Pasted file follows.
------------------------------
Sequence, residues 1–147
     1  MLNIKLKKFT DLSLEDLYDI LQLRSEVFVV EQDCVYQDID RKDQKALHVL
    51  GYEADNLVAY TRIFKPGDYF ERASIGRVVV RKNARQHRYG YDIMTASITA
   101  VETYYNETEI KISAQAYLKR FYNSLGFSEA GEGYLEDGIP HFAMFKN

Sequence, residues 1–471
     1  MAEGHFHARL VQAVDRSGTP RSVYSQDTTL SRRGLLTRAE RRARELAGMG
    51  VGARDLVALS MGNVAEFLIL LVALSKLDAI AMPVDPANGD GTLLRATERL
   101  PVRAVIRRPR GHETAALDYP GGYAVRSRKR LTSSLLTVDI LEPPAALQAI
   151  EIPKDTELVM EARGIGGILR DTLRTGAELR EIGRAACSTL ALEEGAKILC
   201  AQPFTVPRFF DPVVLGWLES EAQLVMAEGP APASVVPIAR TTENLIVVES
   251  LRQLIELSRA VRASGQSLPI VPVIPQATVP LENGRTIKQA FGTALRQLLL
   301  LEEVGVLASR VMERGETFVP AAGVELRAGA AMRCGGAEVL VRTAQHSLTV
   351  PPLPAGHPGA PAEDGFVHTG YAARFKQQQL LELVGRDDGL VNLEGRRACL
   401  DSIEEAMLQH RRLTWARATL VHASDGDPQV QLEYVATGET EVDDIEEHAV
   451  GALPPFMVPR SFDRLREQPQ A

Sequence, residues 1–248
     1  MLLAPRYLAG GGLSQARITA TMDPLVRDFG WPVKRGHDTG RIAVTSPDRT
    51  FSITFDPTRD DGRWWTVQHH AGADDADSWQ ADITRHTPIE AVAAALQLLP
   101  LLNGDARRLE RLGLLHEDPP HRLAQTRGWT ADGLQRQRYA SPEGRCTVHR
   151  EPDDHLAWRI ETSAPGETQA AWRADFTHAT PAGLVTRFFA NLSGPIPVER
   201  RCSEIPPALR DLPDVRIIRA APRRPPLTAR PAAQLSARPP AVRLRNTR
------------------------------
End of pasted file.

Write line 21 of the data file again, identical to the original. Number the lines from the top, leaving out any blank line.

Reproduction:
   201  RCSEIPPALR DLPDVRIIRA APRRPPLTAR PAAQLSARPP AVRLRNTR